Clinical Health Updates

Hep C infection increases risk of non-Hodgkin lymphoma

Clinical Question:
Does hepatitis C virus infection increase the risk of non-Hodgkin lymphoma?

Bottom Line:
Hepatitis C virus infection confers a 20% to 30% increased risk of non-Hodgkin lymphoma overall, and a 3-fold higher risk of Waldenström macroglobulinemia, a low-grade lymphoma. Risks were also increased for cryoglobulinemia. These results support an etiological role for HCV in causing lymphoproliferation and causing non-Hodgkin lymphoma.

Giordano TP, Henderson L, Landgren O, et al. Risk of non-Hodgkin lymphoma and lymphoprolierative precursor disease in UA veterans with hepatitis C virus. JAMA 2007;297:2010-2017.

Study Design:
Cohort (retrospective)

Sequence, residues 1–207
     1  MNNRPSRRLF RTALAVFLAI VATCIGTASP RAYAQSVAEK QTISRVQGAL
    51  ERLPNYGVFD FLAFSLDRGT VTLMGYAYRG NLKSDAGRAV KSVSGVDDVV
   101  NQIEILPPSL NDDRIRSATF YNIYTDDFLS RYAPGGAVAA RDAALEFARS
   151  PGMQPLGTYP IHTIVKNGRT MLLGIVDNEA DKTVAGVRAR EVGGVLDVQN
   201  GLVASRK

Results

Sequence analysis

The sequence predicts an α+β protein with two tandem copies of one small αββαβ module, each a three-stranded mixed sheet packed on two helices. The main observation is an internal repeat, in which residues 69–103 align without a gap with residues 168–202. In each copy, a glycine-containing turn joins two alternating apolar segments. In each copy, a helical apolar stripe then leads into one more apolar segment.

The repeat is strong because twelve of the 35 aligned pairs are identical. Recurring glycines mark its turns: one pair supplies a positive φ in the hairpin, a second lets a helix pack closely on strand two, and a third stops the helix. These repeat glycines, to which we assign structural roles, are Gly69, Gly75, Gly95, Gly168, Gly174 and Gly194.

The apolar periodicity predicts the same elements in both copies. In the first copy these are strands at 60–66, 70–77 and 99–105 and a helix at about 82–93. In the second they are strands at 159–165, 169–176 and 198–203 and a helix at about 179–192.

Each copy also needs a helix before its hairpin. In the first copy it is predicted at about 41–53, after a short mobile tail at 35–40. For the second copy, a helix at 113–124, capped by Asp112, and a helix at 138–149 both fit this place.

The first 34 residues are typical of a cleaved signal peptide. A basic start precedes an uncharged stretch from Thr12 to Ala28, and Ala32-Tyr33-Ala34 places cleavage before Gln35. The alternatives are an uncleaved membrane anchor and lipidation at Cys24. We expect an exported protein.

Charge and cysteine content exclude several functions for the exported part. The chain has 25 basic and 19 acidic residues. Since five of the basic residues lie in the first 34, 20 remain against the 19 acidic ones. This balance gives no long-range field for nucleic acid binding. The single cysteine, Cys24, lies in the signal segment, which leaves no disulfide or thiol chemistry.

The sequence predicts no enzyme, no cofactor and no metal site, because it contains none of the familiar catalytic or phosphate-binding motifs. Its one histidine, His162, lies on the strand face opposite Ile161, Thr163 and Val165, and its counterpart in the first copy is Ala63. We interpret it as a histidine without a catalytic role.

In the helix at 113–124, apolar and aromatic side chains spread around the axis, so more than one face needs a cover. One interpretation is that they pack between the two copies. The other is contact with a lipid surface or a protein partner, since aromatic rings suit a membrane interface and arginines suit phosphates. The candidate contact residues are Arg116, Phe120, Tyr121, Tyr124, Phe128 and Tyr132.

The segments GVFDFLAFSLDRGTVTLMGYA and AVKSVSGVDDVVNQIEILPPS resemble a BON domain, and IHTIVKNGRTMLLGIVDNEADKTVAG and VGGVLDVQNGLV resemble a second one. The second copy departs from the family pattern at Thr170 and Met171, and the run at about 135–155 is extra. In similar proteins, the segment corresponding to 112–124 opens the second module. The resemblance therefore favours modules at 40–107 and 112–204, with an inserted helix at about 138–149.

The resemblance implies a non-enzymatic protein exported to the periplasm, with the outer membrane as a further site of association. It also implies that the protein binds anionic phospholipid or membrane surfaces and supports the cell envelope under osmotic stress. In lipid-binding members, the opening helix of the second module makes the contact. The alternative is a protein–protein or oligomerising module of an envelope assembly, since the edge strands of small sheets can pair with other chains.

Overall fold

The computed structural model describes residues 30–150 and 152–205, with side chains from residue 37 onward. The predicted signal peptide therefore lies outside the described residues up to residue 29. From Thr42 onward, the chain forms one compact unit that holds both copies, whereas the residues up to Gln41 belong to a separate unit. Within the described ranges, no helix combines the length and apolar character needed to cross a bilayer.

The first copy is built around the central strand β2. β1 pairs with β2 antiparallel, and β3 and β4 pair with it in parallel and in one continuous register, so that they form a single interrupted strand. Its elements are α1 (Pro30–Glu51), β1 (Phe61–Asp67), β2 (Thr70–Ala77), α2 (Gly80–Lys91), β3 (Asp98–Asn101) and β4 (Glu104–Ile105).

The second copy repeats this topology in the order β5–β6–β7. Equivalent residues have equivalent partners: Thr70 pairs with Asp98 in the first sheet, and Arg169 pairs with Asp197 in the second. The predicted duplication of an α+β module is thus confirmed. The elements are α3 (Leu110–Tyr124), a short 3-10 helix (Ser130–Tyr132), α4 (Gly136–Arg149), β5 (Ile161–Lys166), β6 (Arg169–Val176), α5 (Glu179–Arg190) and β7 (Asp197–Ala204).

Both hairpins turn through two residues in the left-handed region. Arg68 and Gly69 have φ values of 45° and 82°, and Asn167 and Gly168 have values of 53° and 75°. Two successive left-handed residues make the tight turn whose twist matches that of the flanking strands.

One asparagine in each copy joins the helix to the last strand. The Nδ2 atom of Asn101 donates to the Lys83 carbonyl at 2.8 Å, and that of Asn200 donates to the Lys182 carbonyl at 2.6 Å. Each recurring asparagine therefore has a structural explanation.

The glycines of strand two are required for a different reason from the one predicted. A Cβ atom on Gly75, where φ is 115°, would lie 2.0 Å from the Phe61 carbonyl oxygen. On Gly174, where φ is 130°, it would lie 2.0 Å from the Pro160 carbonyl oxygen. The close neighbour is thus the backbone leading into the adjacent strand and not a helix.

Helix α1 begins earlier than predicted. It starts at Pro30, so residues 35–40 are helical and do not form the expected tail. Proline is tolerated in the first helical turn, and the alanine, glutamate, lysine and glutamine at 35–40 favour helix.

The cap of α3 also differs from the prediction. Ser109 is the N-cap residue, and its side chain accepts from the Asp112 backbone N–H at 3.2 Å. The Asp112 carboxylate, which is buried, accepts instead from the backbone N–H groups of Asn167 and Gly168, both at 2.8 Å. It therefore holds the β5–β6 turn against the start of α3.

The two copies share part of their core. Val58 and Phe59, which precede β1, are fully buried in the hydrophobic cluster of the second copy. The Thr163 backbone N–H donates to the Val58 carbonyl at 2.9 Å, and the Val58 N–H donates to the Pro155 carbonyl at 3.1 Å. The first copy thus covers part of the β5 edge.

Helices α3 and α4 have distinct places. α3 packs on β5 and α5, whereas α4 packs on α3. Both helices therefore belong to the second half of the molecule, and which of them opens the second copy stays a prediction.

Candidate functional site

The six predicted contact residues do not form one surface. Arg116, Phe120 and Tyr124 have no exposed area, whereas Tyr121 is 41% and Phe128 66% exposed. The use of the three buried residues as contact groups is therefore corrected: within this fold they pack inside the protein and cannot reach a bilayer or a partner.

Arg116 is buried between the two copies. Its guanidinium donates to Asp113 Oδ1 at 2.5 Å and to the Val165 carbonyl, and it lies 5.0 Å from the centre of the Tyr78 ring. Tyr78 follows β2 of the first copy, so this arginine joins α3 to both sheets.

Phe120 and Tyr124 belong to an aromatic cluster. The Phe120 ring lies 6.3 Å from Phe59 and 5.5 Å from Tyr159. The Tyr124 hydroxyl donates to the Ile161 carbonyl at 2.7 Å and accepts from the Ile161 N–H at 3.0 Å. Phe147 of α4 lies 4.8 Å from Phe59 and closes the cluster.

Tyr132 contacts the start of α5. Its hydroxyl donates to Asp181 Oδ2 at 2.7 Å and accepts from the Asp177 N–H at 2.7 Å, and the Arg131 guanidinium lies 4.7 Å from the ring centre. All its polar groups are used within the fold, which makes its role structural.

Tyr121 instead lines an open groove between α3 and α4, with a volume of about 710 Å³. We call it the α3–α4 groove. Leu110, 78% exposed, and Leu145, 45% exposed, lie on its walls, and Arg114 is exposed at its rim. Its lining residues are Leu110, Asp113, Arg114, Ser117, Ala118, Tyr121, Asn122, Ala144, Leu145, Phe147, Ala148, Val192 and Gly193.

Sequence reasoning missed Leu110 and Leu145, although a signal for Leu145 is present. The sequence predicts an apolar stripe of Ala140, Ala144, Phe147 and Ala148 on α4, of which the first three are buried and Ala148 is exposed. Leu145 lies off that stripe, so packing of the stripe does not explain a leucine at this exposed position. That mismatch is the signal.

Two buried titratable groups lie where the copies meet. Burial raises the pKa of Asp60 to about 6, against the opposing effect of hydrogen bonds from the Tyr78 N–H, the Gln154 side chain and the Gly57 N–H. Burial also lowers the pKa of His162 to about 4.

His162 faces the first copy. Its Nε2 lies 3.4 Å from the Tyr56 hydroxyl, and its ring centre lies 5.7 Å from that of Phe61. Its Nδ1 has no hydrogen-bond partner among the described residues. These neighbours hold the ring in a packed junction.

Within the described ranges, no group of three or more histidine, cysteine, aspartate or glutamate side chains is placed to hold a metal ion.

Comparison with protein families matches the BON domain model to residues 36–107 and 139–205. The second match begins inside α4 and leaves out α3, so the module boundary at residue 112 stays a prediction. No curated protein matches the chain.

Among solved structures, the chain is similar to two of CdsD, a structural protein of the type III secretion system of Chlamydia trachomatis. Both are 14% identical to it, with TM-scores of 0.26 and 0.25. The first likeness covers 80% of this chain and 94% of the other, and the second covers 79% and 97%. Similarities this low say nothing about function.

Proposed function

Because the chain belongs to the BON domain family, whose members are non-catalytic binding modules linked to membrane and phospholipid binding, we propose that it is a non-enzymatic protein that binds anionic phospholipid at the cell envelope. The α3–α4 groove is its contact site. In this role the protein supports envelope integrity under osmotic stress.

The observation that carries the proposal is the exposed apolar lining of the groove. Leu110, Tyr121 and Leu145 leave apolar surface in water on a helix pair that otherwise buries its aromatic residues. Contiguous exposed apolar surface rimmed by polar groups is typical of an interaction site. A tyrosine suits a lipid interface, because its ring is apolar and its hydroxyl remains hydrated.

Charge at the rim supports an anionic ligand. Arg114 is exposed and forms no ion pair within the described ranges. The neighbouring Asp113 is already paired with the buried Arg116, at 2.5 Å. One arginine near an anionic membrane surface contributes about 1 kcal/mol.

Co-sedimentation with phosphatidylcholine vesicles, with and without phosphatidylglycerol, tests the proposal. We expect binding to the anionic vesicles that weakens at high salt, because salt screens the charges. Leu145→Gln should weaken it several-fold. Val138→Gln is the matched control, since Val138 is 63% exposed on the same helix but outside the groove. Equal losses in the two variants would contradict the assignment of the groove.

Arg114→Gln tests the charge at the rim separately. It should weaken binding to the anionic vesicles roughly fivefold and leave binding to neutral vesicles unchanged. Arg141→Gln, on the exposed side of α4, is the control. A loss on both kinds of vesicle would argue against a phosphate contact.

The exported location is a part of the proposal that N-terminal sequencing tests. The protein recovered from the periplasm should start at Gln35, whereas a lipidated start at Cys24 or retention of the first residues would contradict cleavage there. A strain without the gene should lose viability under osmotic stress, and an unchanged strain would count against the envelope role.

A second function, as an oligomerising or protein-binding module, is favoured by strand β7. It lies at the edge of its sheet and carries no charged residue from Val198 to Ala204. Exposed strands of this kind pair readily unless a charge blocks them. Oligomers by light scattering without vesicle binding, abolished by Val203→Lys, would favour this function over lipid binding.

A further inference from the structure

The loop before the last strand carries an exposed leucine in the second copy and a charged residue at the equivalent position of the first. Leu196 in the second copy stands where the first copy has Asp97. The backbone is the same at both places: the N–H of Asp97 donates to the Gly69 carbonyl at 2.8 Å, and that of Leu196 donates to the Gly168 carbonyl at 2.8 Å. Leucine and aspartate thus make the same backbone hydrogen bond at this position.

These investigators conducted a large population-based retrospective cohort study including 146,394 US veterans infected with hepatitis C virus (HCV). Cases were compared with 572,303 noninfected control patients matched to sex and age. Individuals blinded to HCV status reviewed inpatient and outpatient records and death registries from more than 150 veterans’ hospitals in the United States. Nearly all patients (97%) were male, with a mean age of 52 years. Data from 1989 through 2004 were included. HCV-infected patients were significantly more likely to develop non-Hodgkin lymphoma. In addition, a significantly increased risk of Waldenstrom macroglobulinemia and cryoglobulinemia occurred in HCV-infected individuals. Both of these diseases are considered related lymphoproliferative precursors to lymphoma. No increased risk of other hematologic malignancies or thyroid cancer was detected.